For study acronym expansions, see the cited references.
Log risk ratios less than 0 favor coronary artery bypass grafting; those greater than 0 favor percutaneous coronary intervention. These funnel plots represent a measure of study size on the vertical axis as a function of effect size on the horizontal axis. Large studies appear toward the top of the graph, and tend to cluster near the mean effect size. Smaller studies appear toward the bottom of the graph and (since there is more sampling variation in effect size estimates in the smaller studies) will be dispersed across a range of values. In the absence of publication bias, as is demonstrated in these funnel plots, the studies, represented by pale dotted circles, are distributed symmetrically about the combined effect size. The dashed diamond appearing below the x-axis represents the summary effect.
Total number of patients, 6055 (I2 = 0% for the fixed effects model). CABG indicates coronary artery bypass graft; PCI, percutaneous coronary intervention; RR, risk ratio; for expansion of all study name acronyms, see the cited references.
Total number of patients, 5067 (I2 = 8.02% for the fixed effects model). CABG indicates coronary artery bypass graft; PCI, percutaneous coronary intervention; RR, risk ratio; for expansion of all study name acronyms, see the cited references.
Total number of patients, 5067 (I2 = 24.9% for the fixed effects model). CABG indicates coronary artery bypass graft; PCI, percutaneous coronary intervention; RR, risk ratio; for expansion of all study name acronyms, see the cited references.
Total number of patients, 6055 (I2 = 75.6% for the random effects model). CABG indicates coronary artery bypass graft; PCI, percutaneous coronary intervention; RR, risk ratio; for expansion of all study name acronyms, see the cited references.
Total number of patients, 4659 (I2 = 33.0% for the fixed effects model). CABG indicates coronary artery bypass graft; PCI, percutaneous coronary intervention; RR, risk ratio; for expansion of all study name acronyms, see the cited references.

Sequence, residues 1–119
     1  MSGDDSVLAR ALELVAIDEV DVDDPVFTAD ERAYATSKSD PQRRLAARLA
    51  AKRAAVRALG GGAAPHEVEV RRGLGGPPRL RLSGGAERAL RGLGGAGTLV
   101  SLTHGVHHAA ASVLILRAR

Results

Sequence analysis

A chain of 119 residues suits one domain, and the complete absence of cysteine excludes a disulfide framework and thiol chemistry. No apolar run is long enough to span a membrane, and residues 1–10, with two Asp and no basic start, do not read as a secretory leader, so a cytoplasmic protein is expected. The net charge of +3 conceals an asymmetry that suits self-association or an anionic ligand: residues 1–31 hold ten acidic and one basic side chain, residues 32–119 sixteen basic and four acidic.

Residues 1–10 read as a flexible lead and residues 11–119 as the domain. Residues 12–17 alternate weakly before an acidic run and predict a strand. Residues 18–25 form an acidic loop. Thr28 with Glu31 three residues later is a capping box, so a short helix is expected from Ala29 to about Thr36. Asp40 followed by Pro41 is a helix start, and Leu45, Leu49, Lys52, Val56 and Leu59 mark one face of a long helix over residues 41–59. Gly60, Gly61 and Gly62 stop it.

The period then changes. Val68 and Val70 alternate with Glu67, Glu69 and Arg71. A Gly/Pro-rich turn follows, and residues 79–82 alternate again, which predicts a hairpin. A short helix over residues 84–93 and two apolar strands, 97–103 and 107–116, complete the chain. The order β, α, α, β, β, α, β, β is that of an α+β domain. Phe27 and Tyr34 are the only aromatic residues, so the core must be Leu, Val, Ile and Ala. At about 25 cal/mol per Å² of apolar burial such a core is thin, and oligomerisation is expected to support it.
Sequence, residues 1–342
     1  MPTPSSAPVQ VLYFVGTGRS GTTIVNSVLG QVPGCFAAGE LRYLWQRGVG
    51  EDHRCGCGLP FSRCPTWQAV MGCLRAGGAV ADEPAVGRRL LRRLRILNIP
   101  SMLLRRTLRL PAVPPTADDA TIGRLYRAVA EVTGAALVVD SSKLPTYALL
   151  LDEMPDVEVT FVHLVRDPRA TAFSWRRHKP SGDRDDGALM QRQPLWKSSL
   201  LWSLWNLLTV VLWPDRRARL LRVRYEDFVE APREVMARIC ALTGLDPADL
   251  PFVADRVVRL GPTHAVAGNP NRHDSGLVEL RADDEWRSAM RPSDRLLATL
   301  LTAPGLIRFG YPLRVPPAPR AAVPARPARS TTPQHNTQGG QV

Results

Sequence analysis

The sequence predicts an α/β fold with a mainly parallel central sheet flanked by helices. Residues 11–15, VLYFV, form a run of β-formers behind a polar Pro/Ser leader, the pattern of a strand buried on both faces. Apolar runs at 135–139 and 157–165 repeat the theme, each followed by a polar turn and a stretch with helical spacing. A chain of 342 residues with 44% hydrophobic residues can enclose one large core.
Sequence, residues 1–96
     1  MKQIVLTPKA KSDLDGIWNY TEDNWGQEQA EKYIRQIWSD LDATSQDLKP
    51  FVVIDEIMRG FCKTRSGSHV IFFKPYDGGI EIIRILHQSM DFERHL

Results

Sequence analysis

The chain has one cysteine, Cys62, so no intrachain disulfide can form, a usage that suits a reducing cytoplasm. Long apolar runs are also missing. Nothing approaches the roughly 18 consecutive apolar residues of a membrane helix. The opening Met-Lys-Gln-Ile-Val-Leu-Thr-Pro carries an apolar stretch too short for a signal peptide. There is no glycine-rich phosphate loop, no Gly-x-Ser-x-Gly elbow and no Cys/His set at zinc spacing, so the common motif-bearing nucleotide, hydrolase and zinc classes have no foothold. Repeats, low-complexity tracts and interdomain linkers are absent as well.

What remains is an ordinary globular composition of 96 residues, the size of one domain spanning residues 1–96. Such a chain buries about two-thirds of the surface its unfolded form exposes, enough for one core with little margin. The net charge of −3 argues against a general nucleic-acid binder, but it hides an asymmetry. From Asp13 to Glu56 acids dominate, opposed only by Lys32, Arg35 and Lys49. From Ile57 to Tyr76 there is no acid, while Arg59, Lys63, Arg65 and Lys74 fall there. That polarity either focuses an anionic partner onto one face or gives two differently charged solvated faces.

eTable 1. PRISMA 2009 Checklist for Coronary Artery Bypass Grafting versus Percutaneous Coronary Intervention and Long-term Mortality and Morbidity in Multivessel Disease: Meta-analysis of Randomized Clinical Trials of the Arterial Grafting and Stenting Era
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Sipahi I, Akay MH, Dagdelen S, Blitz A, Alhan C. Coronary Artery Bypass Grafting vs Percutaneous Coronary Intervention and Long-term Mortality and Morbidity in Multivessel Disease: Meta-analysis of Randomized Clinical Trials of the Arterial Grafting and Stenting Era. JAMA Intern Med. 2014;174(2):223–230. doi:10.1001/jamainternmed.2013.12844
Recent trials of percutaneous coronary intervention (PCI) vs coronary artery bypass grafting (CABG) for multivessel disease were not designed to detect a difference in mortality and therefore were underpowered for this outcome. Consequently, the comparative effects of these 2 revascularization methods on long-term mortality are still unclear. In the absence of solid evidence for mortality difference, PCI is oftentimes preferred over CABG in these patients, given its less invasive nature.
To determine the comparative effects of CABG vs PCI on long-term mortality and morbidity by performing a meta-analysis of all randomized clinical trials of the current era that compared the 2 treatment techniques in patients with multivessel disease.